Facing the Judge with confidence (2 Timothy 4: 6-8) a sermon for CAMEO by Revd Alex Pease

6 As for me, I am already being poured out as a libation, and the time of my departure has come. 7 I have fought the good fight, I have finished the race, I have kept the faith. 8 From now on there is reserved for me the crown of righteousness, which the Lord, the righteous judge, will give me on that day, and not only to me but also to all who have longed for his appearing.

St Paul is at the end of his ministry. He knows that his martyrdom is round the corner.
 The Roman Emperor Nero will soon condemn him to death. He knows that he is going to die soon.

He uses two metaphors to describe how he is feeling: firstly, the description of a drink offering poured out on the altar in the temple; sacrificially poured out, never to be recovered; but not wasted, because it is sacrificed on the altar….

And the second metaphor is ‘departure’ the greek word suggests the time for pulling down – striking – tents or the release from shackles, so that a boat can sail out of harbour and put out to sea.

A journey about to begin

There is no more which can be done in his life. No more which can be built. No more which can be achieved in his life….

Perhaps there are those here today at this CAMEO lunch who identify with that feeling…

But Paul looks back on his life and his ministry of 30 years in this letter to his young friend and follower, Timothy. He speaks of what he has done, not boastfully but factually using the metaphors of a soldier and an athlete: ‘I have fought the good fight’,‘I have finished the race’.

He recognises that he has done what he set himself out to do, which was to accomplish the ministry which Jesus had given him.

He has been a guardian of the gospel given to him.  What he has done has involved work, sacrifice and danger…..in all of these Paul has been faithful.

He is confident that he can meet the Lord Jesus Christ, face to face, meet the real judge – not the Emperor Nero, who will be simply the instrument, by which he meets his death.

He is confident that the outcome of his meeting with Jesus will be a positive one.

He says ‘From now on there is reserved for me, the crown of righteousness which the Lord
the righteous judge will give me on that day’

Can we all feel so confident?

You see he is not looking back on his life and saying ‘what I have done in my life is good, on balance’.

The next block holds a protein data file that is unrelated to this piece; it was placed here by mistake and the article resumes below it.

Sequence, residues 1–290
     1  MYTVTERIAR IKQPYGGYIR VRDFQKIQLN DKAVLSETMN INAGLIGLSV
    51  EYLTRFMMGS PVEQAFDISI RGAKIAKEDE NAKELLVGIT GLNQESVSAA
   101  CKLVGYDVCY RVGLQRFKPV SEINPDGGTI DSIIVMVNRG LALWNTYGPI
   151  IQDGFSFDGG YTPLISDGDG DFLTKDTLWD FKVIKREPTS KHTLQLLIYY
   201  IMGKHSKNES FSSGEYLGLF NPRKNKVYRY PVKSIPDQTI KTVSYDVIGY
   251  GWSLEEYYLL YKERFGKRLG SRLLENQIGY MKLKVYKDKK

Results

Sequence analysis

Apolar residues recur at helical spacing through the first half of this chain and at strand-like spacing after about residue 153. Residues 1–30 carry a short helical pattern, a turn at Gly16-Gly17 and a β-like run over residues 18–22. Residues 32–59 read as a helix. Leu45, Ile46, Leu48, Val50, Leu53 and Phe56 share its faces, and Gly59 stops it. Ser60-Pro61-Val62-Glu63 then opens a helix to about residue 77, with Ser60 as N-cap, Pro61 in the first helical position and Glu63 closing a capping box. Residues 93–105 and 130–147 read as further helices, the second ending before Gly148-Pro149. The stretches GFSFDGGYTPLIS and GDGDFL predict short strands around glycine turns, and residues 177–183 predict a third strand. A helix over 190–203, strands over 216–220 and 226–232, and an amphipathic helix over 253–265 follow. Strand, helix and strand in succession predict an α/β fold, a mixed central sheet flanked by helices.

He is not saying: ‘I have done some good things which should outweigh the bad things’. He is not saying, as I have been horrified to hear at some funerals, ‘I have done it my way…’

Remember what Paul was, before he encountered Jesus Christ on the road to Damascus…

I think the now dead Jihadi John, might be a modern equivalent, the sadistic ISIS murderer who delighted in the murder of Christians.

Paul himself looked after the coats of those who threw the rocks which killed the first Christian martyr, St Stephen. But now he can say that he has done what Jesus has called him to do.

Its as if that other life, that life, before he knew Jesus, had never existed

How can this be?

How can it be that if you are judged on your life, your time as a sadistic murderer of the followers of Christ is just ignored?

The gospel (the good news) of Jesus Christ is this: (In the words of Tim Keller
a brilliant church leader in New York) ‘We are more sinful and flawed in ourselves than we ever dared believe. Yet at the same time we are more loved and accepted in Jesus Christ than we ever dared hope.’

You see the trouble with us humans, is that we tend not to think of ourselves as very bad, we tend not to think of ourselves as sinners.  We judge ourselves to be pretty good actually provided we don’t end up in gaol or the gutter. Respectable life in England, gives us the false impression that we are alright, really.

But because we don’t see ourselves as sinners, we can never experience, the forgiveness that Jesus offers us, if we turn to him.

It is only when we experience that forgiveness only when we know that he has forgiven us that we can truly be those people, like Paul, who long for his appearing; who would, in the words I used to  a lady I met here, at the Don Giovanni concert on Sunday, crawl over broken glass to get close to Him,

Because what He offers is more precious than our wonderful life in the Valley more precious than our houses, more precious than our savings or pensions more precious even than our families, more precious than life itself.

If you know Jesus already, then this talk is not for you

But if you don’t know him, please do speak to me later at lunch or afterwards

All you have to do is to say ‘Will you come and see me Alex?’

And we can talk this over in the privacy  of your own home

It’s my job and my joy to do this, and we will pray for you to have the forgiveness that Paul received and the confidence that Paul shows as he prepares to meet his judge.

Amen

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